Couples Explore Love, Marriage, Morality in "Poor Behavior" at Falcon Theatre
A weekend in the country for two couples spins out of control. A quarrelsome comedy about love and marriage and what exactly constitutes morality definitely sounds like fodder for fierce and funny playwright Theresa Rebeck.
Poor Behavior plays Nov. 17-Dec. 2 at Newport’s Falcon Theatre, featuring a strong cast of indie theatre veterans and talented Lauren Carr directing.
Carr explains (tongue-in- cheek), “It’s a story about functioning dysfunctional couples in search simple human decency and maybe a chocolate muffin.”
Plot basics: Jealous Maureen (Torie Pate) makes reckless accusations about what she thinks is going on between her husband Ian (Phineas Clark) and their old friend Ella (Becca Howell). Ella’s husband Peter (Derek Snow) makes a futile attempt to control the domestic carnage.
Exactly whose idea was this weekend away?
Now there’s the question.
Clark muses, “One of the great questions within this play is whose idea the “weekend getaway” really was, and what the intent behind organizing it was. We see four characters with very different levels of awareness as to what’s going on and why it’s happening.”
Pate adds, “Everyone has their own version about how the decision came to be. Each character has their own reason for being here, and it's not just to have a relaxing weekend with friends.”
The entire cast applauds what Carr has brought to the production.
“I loved discussing the details of these couples’ relationships," Howell says. “Lauren really challenged us to delve into the backstory that is not volunteered in the text.”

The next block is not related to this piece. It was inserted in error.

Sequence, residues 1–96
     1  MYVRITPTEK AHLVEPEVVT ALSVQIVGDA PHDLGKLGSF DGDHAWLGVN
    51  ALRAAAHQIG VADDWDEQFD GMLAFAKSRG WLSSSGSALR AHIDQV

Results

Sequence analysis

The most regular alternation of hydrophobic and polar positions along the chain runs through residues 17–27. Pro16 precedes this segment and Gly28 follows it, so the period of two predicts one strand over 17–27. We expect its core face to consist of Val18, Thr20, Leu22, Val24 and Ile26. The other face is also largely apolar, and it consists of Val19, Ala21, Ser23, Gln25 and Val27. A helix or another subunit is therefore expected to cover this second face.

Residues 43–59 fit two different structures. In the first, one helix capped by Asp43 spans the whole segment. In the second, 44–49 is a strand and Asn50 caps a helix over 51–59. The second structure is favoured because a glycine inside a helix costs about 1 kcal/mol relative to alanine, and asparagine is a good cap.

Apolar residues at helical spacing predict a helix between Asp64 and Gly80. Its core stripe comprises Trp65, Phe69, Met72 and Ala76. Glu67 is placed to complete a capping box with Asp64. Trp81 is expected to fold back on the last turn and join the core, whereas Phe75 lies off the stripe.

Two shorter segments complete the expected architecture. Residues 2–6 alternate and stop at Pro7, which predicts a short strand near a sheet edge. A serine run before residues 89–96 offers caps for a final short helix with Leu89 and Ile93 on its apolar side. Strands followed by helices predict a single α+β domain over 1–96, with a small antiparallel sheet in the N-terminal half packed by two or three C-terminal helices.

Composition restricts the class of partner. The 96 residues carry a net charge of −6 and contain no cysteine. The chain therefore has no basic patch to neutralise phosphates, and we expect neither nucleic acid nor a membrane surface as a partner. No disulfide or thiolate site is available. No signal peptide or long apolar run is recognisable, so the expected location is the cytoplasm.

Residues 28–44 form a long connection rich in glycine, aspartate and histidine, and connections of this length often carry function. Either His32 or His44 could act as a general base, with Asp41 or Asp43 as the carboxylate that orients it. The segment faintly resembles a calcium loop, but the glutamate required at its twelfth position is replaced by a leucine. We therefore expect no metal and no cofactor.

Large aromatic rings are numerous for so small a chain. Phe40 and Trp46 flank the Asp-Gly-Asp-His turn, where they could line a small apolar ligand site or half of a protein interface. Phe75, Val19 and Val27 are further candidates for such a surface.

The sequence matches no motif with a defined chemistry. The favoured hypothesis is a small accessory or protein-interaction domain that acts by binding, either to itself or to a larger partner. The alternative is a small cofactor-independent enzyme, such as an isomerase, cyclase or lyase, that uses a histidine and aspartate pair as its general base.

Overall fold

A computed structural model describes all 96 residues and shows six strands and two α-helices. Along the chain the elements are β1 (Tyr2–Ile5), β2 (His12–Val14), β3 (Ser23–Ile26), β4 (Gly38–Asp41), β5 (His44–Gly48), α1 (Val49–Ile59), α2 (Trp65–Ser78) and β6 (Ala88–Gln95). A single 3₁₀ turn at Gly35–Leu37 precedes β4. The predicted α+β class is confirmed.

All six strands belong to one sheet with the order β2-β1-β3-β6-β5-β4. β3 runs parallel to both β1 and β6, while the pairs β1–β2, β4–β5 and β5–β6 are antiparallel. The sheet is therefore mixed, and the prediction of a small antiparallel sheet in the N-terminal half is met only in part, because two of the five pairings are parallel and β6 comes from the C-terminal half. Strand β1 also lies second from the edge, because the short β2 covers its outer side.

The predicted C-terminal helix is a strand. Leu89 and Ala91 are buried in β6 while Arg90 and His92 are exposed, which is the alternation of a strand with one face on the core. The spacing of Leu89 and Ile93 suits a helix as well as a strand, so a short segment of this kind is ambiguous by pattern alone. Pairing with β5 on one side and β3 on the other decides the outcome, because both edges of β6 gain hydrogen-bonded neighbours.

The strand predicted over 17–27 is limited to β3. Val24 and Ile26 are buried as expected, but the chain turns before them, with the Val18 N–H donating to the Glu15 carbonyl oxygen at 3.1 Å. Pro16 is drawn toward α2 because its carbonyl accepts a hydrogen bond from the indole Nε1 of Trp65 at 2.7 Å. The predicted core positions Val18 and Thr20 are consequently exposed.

Snow agrees. “What kinds of allergies do they have? What's their favorite food? Did they enjoy going to church as kids? These seem unimportant until you start building characters as actors and figuring out why you do what you do and say what you say,” he said.
They’re also fans of the playwright.
The word “challenge” comes up a lot.
Pate says, “I can see four people actually sitting down and having these conversations, using these words, talking over each other, trying to get our points across….
“Poor Behavior is of-the-moment because it really has no moment. Yes, it's set in the present, but the themes of this play were relevant ten years ago, and they will still be relevant ten years from now.”
Howell likes “The primary theme of morality especially as applied to the world today feels very current. I also think Rebeck has written a play that challenges not only our contemporary conceptions or morality but also what makes a happy and healthy relationship. Those aspects feel very of-the-moment to me.”
Snow has had conversations on the play’s themes with friends and has found a lot of agreement with his contemporaries and younger people. “I think that the more casual nature in which society has embraced marriage and relationships is on full display in this play.
“There’s definitely a difference in how we perceive commitment and relationships, and this play really opens up that Pandora's box.”
They all agree that while Poor Behavior is a funny play, what’s going on is deeply serious to the characters.
“Relationships and friendships are put to the test,” says Howell.
Clark observes Poor Behavior is “very true in that it challenges us to see the humor in pain and the pain in humor.”
Snow smiles. “The show is a balancing act of funny and deadly serious. It's so challenging.”
And this is a company that loves to be challenged.
Poor Behavior, Nov. 17-Dec. 2. Falcon Theatre, 636 Monmouth St. Newport. 8 p.m. Friday and Saturday, Additional performance 8 p.m. Nov. 30. Tickets $22, students $15. 513 479-6783 and falcontheatre.net.
Written by Jackie Demaline, RCN Arts